I know he’s rich. He knows he’s rich, too.
Class and Generational Conflict happened through-out the play repeatedly. Teens and young adults began to see life in a new light and thought in much different ways than the older generation did. They began to play around with idea of God and religion. The classes also had a large differences, the rich got to explore the world and see other cities while the poor barely had time to things other than work and taking care of the family.
Beneatha Younger was the epitome of the change in generations. She would use God’s name in, what the older generation would call, vain. By simply shrugging and saying how much cleaning can a house need, for Christ’s sake, she was using God’s name the wrong way. This was a problem for Beneatha because she didn’t believe that God was the one and only. He wasn’t the one who did the work, paid the bills, etc. But Mama and Ruth got mad when she simply stated her opinion. The belief of the older gen. was that God was the representation of life and He gave every person what they have. (46, 50, 51)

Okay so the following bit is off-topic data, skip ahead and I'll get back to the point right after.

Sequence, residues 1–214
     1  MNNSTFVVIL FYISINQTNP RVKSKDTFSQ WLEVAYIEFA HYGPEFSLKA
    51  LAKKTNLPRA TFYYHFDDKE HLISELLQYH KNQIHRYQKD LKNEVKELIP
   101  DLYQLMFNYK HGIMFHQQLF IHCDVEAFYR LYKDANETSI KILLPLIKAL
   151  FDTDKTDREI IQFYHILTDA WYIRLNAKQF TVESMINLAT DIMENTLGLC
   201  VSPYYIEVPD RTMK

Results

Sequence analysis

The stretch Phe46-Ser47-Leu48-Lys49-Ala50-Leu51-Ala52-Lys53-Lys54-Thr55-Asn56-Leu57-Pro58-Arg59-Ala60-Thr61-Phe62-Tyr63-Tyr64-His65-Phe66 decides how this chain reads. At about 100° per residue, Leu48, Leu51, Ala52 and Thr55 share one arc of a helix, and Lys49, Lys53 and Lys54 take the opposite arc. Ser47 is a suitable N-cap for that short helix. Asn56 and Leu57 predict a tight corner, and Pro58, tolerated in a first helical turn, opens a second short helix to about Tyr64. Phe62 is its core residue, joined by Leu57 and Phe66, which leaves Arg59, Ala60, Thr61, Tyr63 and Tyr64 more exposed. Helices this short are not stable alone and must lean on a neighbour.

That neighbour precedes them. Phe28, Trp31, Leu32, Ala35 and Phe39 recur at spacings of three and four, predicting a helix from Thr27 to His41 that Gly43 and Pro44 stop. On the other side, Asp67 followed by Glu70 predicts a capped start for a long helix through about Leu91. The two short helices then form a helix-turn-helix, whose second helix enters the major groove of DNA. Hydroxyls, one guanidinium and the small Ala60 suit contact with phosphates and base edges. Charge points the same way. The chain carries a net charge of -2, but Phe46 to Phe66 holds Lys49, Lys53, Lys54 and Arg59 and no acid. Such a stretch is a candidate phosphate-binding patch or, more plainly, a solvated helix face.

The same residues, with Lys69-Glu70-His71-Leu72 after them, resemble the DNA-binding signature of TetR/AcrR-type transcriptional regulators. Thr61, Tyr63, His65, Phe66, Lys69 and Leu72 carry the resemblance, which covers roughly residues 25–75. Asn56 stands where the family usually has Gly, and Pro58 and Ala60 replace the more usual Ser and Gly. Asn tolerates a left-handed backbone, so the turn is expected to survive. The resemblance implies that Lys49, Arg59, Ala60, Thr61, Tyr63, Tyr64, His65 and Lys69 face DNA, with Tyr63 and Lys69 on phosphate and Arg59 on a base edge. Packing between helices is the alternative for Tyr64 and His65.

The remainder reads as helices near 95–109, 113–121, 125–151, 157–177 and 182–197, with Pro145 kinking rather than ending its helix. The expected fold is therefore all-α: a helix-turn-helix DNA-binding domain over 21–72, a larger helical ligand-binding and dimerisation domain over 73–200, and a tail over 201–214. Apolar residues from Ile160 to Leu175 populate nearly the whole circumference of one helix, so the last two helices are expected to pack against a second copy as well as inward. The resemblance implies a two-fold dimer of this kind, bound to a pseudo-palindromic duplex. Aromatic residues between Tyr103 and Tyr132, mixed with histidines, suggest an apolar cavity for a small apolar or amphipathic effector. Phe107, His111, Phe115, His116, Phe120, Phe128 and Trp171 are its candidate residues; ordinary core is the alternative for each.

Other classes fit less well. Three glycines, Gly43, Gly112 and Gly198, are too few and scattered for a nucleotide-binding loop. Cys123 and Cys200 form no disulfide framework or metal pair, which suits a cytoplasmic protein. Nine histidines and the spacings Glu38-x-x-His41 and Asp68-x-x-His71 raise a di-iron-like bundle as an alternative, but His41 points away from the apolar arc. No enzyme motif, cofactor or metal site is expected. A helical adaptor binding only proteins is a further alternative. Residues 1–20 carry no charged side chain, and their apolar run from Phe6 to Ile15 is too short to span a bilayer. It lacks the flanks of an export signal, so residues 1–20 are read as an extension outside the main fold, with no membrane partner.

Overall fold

Beneatha was also being pressured by her family to marry the rich boy, George Murchison. Bennie felt like George was too shallow to marry and she was unsure if she wanted to marry at all. He knew he had wealth and he liked to use it. When he brought Bennie to the theater, he was bragging about how the curtain time was earlier than it was in New York and says that he goes to New York a few times a year while Bennie and her family have probably never left their home city. (50, 80 - 85)
Class and Generational Conflicts is a re-occurring theme in A Raisin in the Sun. This was the time when young adults and teenagers began to branch out. They had less beliefs. The rich, the middle class, and the poor also had major differences in housing as well as many other things.